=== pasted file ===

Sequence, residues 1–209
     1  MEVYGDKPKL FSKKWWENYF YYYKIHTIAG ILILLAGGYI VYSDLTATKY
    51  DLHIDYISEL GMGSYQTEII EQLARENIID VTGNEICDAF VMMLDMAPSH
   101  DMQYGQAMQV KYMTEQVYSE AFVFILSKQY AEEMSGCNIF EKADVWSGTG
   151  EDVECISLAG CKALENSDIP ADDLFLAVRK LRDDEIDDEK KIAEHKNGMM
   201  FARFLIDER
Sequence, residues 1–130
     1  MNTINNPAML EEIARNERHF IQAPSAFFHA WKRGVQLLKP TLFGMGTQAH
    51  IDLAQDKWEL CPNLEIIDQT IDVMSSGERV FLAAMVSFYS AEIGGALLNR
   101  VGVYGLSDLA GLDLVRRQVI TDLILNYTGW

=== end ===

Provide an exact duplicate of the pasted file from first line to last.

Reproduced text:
Sequence, residues 1–209
     1  MEVYGDKPKL FSKKWWENYF YYYKIHTIAG ILILLAGGYI VYSDLTATKY
    51  DLHIDYISEL GMGSYQTEII EQLARENIID VTGNEICDAF VMMLDMAPSH
   101  DMQYGQAMQV KYMTEQVYSE AFVFILSKQY AEEMSGCNIF EKADVWSGTG
   151  EDVECISLAG CKALENSDIP ADDLFLAVRK LRDDEIDDEK KIAEHKNGMM
   201  FARFLIDER
Sequence, residues 1–130
     1  MNTINNPAML EEIARNERHF IQAPSAFFHA WKRGVQLLKP TLFGMGTQAH
    51  IDLAQDKWEL CPNLEIIDQT IDVMSSGERV FLAAMVSFYS AEIGGALLNR
   101  VGVYGLSDLA GLDLVRRQVI TDLILNYTGW